Mark: So what kind of symptoms would someone have? What would lead them to, other than just it hurts? Are they going to have swelling? What's it going to look like?

Wil: Definitely. So swelling and obviously pain, but the loss of mobility, and one of the biggest ones would be like clicking and popping. Especially if you tear the meniscus and it gets caught in there. So the next step then is really looking, well, what do you do for it? So you always want to look at, you know, three main things really. Like you want to look at, okay, how do you regain your mobility? So there's things that you do for that. 

You know, and then strength, maybe number two. Okay. And then third thing is basically your functional movement. Now obviously proceeding all that, depending on how bad it is, if it's really swollen, the first thing that you do, you want to control that swelling. So there's things that you can do for that. 

But obviously you want to start to get the knee moving and that mobility is super, super important. And in terms of figuring out, okay, well, is this a meniscal injury or is this something else? Or is it like, you know, maybe like something else that that's not as sinister, like maybe just like an overuse sort of imbalanced thing.

So there's certain tests that we can actually perform on the knee. And usually you want to do a battery of them. So you don't want to just do one, you want to do a few of them to really test out whether or not it's a meniscal injury or even like, is it a really bad one, or if it's a minor. So you can sort of do that with some of these tests. 

Mark: So diagnosis, I imagine the history of how this happened becomes really important as a diagnosis tool to tell you okay, as an indicator of how bad it might be?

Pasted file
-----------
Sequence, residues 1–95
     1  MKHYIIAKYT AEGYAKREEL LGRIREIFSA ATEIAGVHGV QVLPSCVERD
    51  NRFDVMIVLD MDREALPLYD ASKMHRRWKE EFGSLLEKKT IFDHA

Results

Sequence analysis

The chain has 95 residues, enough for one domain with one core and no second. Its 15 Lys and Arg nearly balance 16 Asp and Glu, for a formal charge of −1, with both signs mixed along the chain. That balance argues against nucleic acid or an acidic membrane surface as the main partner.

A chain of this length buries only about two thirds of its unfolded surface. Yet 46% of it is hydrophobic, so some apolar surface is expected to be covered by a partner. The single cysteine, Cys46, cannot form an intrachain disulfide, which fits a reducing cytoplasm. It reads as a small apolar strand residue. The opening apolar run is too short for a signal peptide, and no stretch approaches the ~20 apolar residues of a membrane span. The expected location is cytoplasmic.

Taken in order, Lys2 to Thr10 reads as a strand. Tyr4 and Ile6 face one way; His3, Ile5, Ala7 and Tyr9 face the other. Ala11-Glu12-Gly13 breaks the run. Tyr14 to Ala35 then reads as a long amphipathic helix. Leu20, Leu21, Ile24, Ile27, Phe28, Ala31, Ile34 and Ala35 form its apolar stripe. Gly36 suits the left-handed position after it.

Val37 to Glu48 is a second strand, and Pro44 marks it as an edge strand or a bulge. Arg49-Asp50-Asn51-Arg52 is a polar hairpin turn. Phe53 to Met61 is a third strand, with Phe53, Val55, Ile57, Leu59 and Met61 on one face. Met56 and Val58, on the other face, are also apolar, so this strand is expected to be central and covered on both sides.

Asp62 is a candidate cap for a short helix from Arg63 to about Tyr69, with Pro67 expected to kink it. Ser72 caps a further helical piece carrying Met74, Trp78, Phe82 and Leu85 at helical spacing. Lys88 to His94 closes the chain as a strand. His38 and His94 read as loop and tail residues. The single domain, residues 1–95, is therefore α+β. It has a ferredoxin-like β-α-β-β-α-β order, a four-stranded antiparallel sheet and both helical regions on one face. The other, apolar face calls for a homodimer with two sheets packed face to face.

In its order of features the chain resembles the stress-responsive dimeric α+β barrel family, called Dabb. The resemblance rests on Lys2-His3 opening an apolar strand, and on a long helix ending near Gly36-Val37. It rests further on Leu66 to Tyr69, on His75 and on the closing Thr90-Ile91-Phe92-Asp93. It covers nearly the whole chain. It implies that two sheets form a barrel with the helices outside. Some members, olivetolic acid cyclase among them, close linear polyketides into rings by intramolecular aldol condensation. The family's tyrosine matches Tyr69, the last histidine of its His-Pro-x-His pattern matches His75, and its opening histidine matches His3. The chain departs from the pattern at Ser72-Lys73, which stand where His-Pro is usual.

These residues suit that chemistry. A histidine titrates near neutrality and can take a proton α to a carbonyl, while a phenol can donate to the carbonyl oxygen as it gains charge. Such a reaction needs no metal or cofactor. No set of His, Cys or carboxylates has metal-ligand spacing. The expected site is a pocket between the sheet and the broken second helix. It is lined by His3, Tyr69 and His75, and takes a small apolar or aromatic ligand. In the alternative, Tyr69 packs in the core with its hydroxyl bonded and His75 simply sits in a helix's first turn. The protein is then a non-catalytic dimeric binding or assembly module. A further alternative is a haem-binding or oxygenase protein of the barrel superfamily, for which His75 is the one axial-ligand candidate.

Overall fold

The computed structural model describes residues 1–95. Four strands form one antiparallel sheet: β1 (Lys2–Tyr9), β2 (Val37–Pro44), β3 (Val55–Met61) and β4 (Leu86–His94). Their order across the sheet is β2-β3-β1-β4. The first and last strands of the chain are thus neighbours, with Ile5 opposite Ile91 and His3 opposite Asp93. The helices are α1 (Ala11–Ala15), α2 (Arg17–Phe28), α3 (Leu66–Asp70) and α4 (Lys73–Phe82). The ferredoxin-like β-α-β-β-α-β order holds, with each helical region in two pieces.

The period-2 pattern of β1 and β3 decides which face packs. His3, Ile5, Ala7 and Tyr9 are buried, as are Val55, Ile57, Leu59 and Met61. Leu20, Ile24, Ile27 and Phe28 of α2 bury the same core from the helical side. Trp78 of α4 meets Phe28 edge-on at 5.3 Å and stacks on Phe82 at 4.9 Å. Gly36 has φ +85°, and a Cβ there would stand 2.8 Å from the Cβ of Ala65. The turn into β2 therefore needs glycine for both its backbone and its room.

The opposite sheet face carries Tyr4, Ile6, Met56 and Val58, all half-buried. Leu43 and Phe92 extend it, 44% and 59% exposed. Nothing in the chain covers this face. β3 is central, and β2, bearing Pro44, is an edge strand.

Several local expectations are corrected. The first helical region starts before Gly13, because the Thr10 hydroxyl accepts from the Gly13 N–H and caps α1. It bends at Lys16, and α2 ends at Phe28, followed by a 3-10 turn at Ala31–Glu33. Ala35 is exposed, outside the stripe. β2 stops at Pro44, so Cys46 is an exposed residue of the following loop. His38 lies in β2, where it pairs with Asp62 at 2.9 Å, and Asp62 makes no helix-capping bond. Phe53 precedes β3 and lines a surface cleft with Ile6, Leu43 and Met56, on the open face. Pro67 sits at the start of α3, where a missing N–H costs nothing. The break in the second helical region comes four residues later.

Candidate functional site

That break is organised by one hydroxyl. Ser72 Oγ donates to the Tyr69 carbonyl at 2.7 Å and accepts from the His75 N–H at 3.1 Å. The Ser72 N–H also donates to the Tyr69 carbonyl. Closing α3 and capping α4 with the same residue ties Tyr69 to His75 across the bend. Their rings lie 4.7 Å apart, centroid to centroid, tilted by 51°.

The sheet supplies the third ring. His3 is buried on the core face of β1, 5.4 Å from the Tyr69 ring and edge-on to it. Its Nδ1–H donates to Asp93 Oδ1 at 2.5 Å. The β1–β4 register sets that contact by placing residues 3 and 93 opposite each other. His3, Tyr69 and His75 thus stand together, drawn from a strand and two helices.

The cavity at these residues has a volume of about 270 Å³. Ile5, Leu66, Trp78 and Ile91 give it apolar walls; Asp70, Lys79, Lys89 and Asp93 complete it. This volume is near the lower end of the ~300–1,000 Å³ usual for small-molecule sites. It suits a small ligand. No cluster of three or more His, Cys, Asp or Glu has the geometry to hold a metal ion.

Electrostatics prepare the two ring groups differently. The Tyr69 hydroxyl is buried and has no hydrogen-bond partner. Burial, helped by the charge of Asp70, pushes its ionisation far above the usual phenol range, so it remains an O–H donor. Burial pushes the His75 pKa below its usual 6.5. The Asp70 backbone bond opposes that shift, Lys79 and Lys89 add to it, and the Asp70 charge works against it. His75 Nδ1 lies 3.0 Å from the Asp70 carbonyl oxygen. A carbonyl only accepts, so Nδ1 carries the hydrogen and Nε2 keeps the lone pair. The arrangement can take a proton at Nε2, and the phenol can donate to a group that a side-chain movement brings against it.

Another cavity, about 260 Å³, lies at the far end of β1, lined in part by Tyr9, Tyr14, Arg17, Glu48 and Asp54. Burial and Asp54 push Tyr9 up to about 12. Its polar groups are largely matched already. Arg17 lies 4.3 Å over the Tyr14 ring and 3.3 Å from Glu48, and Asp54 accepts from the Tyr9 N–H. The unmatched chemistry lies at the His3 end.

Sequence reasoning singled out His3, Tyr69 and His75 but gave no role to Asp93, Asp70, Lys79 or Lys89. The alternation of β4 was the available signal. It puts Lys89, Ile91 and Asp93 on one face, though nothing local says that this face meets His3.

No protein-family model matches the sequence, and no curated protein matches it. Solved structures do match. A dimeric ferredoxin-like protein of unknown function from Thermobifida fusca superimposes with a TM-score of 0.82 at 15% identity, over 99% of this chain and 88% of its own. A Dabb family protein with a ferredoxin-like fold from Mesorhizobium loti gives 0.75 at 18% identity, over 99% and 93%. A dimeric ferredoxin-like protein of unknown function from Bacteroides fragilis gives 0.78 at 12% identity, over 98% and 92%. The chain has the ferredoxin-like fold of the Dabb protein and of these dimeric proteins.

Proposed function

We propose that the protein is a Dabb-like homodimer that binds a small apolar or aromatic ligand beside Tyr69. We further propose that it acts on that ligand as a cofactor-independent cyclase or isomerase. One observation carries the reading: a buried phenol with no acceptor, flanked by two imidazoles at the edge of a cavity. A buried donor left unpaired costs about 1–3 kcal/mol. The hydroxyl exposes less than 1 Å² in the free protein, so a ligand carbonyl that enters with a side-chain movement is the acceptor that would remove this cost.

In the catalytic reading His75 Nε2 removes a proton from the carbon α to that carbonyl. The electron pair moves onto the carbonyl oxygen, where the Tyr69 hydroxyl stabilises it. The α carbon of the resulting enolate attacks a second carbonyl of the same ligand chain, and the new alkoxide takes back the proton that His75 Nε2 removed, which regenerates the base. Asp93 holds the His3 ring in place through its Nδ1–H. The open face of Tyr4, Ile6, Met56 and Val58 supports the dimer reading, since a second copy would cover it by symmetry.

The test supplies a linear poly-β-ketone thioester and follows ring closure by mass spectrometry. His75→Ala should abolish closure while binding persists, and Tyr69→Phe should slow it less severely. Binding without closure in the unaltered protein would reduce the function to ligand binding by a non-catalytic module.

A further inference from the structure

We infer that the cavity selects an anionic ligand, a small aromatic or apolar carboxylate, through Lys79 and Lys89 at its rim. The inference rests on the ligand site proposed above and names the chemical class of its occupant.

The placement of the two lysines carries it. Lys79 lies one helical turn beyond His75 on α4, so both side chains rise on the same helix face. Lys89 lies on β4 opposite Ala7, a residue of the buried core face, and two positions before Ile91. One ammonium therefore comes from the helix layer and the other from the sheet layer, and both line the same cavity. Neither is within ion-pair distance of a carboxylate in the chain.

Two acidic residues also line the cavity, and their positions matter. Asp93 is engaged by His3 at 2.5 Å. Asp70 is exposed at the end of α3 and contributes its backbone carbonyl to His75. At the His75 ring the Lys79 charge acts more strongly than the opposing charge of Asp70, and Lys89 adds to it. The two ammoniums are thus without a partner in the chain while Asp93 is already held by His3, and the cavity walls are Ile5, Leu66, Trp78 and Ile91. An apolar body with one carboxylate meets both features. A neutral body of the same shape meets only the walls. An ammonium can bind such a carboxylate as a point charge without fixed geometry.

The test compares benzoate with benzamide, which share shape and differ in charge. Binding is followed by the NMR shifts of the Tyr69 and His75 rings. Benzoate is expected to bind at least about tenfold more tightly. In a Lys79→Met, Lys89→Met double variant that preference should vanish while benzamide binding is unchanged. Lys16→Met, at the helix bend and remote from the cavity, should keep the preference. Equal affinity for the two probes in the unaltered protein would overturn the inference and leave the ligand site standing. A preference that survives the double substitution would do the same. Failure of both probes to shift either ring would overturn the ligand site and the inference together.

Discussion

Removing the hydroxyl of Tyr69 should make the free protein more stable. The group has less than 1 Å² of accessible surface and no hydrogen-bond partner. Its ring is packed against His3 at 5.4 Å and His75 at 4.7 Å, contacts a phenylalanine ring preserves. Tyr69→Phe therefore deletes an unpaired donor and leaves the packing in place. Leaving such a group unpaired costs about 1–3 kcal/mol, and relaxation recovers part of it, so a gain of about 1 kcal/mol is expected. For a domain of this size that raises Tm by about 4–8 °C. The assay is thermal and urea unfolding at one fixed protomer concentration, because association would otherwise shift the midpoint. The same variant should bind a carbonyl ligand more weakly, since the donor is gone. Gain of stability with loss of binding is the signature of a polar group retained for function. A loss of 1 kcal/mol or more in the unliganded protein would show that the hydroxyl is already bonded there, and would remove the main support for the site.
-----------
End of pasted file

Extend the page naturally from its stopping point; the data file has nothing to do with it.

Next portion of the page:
Wil: Yeah, usually, and it can sometimes present like a little worse and you don't really know until you go through that rehab process and doing the right things to work on those three things that I was talking about. Well, I guess four, if you add decreasing the swelling, and then mobility, and then strength, and then the functional movement. 

So typically that should take about six weeks, four to six weeks. If there is very, very little progress. In that four to six weeks, then I'd be wondering, Hmm, maybe we need to actually look at this a little bit further. And I would recommend a referral for you know, see your doctor and get some scans done. And especially if you're wanting to get back climbing and it's just not getting any better, you know, and it's hampering your lifestyle.

Mark: Yeah, swollen, hurt knee is going to limit a lot of things. Couldn't I just stop doing what I do, how I hurt myself, let the swelling go down and have it heal up. Isn't that going to make it better? 

Wil: You do want to actually have a period of time where you don't climb or do any activity, but then after you know, it settles down. It could be a couple days or maybe a week or something like that. And then you do want to get it moving though. So there is a process. There is a process to this rehab where you want initiate, where we'll help it get better. So you do want to start to get it moving in that way and that way you know, you're working towards that recovery. Working towards that rehab process.